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“Freud” by Jonathan Lear
11 September 2005
Written as a review for Amazon.com

As soon as I heard that Jonathan Lear was writing “Freud” for the Routledge Philosophers series, I pre-ordered a copy. I am sorry it’s taken me so long to post a review, but I have been savoring the book since it arrived, re-reading portions and making notes . . . as I’ve done with most of Lear’s previous offerings, which have proved invaluable in my own philosophy-psychology study project going back at least 15 years.

The point behind Lear’s books, if I may be so bold as to seek out a ruling idea, is that, and I quote, “In general, in the English-speaking world, there has been a regrettable tendency for philosophers and psychoanalysts to ignore each other.” And Lear explains why they shouldn’t. If I may paraphrase: Psychology without philosophy is personally rewarding and beneficial but limited in scope; philosophy without psychology may be enlightening but personally non-transformative, which is to say that the “great” philosopher may be a wretch whose vast knowledge does nothing to promote inner harmony or expand personal freedom; indeed, his entire study project may be nothing by a psychological aberration!

Lear goes on to say: “Philosophers take seriously such notions as autonomy, authenticity, freedom and happiness in their accounts of human life and its possibilities. But it is difficult to see how these notions can be adequately addressed without taking into consideration” accounts of how individual psychology develops and influences all we think and do. Conversely, psychologists tend “to be ignorant of all the work done by philosophers on the nature of happiness and freedom.” Lear aims to heal the “intellectual splitting that has lead to impoverishment on both sides.”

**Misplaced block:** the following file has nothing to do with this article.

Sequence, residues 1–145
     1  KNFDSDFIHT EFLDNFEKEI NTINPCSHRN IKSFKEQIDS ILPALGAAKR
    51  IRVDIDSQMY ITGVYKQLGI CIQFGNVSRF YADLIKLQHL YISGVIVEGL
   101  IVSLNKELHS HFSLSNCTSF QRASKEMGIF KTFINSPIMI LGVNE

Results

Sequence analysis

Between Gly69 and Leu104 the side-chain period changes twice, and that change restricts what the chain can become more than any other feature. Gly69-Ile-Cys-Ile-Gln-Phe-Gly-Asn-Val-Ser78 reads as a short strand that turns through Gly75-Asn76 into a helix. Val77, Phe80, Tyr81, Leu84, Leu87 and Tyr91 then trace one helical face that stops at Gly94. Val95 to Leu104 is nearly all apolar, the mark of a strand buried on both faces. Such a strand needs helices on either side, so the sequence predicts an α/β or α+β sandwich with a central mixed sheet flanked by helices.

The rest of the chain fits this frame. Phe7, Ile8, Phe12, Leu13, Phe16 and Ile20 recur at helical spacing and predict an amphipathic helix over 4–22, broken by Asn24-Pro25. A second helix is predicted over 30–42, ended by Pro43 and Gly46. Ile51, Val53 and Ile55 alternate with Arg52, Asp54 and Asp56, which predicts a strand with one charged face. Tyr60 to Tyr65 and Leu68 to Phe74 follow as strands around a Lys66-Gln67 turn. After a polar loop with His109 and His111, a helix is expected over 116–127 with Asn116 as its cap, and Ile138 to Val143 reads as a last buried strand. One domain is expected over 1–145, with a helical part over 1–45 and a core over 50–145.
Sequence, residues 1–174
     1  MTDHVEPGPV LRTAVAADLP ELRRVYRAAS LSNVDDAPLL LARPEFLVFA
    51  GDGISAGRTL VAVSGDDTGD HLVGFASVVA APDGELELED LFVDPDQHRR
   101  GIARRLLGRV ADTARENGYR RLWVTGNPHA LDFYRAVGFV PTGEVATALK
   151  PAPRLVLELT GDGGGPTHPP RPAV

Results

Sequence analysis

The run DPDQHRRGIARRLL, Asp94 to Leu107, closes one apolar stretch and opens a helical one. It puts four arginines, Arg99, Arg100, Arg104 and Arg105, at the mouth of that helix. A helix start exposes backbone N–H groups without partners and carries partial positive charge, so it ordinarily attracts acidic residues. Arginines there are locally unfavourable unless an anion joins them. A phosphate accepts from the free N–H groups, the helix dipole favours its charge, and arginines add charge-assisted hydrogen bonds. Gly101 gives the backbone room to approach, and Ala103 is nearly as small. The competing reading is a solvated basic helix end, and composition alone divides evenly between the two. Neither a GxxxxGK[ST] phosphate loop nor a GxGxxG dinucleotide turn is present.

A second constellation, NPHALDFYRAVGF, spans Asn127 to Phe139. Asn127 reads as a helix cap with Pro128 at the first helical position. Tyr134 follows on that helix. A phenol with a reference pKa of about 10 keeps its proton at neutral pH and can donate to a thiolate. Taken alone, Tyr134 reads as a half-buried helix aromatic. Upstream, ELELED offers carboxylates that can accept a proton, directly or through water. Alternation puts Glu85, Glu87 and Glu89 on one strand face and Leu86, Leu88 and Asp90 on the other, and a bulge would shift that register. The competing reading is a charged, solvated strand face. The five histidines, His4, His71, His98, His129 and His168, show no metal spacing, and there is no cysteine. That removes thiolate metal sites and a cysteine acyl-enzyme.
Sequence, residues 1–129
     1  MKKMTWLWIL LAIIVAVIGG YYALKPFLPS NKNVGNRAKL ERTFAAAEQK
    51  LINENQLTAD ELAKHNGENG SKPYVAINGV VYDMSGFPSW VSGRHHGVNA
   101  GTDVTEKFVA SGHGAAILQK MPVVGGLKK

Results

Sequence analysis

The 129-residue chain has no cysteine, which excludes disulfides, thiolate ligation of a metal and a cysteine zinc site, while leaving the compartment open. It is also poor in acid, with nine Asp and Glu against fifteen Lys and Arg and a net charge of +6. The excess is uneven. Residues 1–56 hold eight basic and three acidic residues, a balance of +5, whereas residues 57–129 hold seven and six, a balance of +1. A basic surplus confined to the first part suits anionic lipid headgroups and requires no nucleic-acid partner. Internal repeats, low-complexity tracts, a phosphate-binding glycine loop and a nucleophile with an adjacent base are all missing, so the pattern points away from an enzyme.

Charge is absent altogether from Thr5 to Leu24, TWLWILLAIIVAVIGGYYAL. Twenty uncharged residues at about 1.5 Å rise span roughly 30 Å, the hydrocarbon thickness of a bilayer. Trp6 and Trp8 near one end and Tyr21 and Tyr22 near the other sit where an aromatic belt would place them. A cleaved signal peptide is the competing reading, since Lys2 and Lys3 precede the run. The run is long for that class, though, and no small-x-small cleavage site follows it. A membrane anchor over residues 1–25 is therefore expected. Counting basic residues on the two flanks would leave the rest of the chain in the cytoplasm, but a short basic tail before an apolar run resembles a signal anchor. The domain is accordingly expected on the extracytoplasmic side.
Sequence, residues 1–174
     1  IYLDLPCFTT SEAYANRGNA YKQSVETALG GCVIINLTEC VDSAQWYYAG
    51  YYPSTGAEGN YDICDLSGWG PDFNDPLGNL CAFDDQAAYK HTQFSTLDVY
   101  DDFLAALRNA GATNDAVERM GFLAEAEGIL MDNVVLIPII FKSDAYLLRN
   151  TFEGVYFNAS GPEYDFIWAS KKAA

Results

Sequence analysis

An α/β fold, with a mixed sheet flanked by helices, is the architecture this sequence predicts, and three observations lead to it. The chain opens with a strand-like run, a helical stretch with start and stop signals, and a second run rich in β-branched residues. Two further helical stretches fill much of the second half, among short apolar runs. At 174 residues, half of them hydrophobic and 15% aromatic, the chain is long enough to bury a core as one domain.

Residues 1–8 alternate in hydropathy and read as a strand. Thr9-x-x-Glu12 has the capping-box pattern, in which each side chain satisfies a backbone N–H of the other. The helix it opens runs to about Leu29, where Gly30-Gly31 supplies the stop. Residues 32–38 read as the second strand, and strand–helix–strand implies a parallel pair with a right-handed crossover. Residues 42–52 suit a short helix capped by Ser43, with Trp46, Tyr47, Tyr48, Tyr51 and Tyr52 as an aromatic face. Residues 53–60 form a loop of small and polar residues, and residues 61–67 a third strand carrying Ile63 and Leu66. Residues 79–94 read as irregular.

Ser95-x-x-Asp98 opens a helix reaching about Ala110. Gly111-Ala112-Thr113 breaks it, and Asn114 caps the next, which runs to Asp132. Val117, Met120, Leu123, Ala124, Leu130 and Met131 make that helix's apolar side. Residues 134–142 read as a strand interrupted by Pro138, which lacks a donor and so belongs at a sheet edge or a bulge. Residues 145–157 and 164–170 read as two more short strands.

KNOW THYSELF

Lear wonderfully launches his project by citing Socrates’ motto, “Know Thyself,” as a starting point for bringing the two camps back together, not that he believes it is likely that anyone can really know himself in any once-and-for-all manner, but because he believes understanding the genesis of the self is fundamental, that without it the philosopher mistakes knowledge for wisdom and forgets ignorance and complexity.

Remember, Socrates is also known (some say disingenuously) for widely proclaiming his ignorance, which starts with the limits of knowing himself. He is, in effect, humbled in the face of his personal complexities in ways that most philosophers are not, and this brings out, I believe, a crucial difference between knowledge and wisdom. Philosophy means, “love of wisdom.” But it seems to have become more about knowledge and truth. In other words, it’s not uncommon for the philosopher, like the religious fundamentalist, to think he has some absolute knowledge about the world and to make bold claims about those “facts.” Wisdom makes no such claims, and therefore comes closer to a way of life than a body of knowledge.

PHILOSOPHY AS A WAY OF LIFE

That philosophy started out with wisdom and care of the self is wonderfully illustrated by Pierre Hadot in his, “Philosophy as A Way of Life.” I could write pages on Hadot’s wonderful book, (as I could about Lear, too) but one quote from Epicurus will do: “We must concern ourselves with the healing of our own lives.” Then we may try to learn about the world but with less likelihood of getting waylaid by our hidden agendas. I think Epicurus sums up Lear’s project, which is to show that we err when we split psychology and philosophy.

To come back to the book at hand: It goes without saying that Lear writes brilliantly about Freud. The chapter on transference – and the whole idea of the transference world, in which we’re all caught – is worth the price of admission alone. “Freud” by Jonathan Lear is highly recommended for insights into the first psychoanalyst and for healing the split between two important disciplines!

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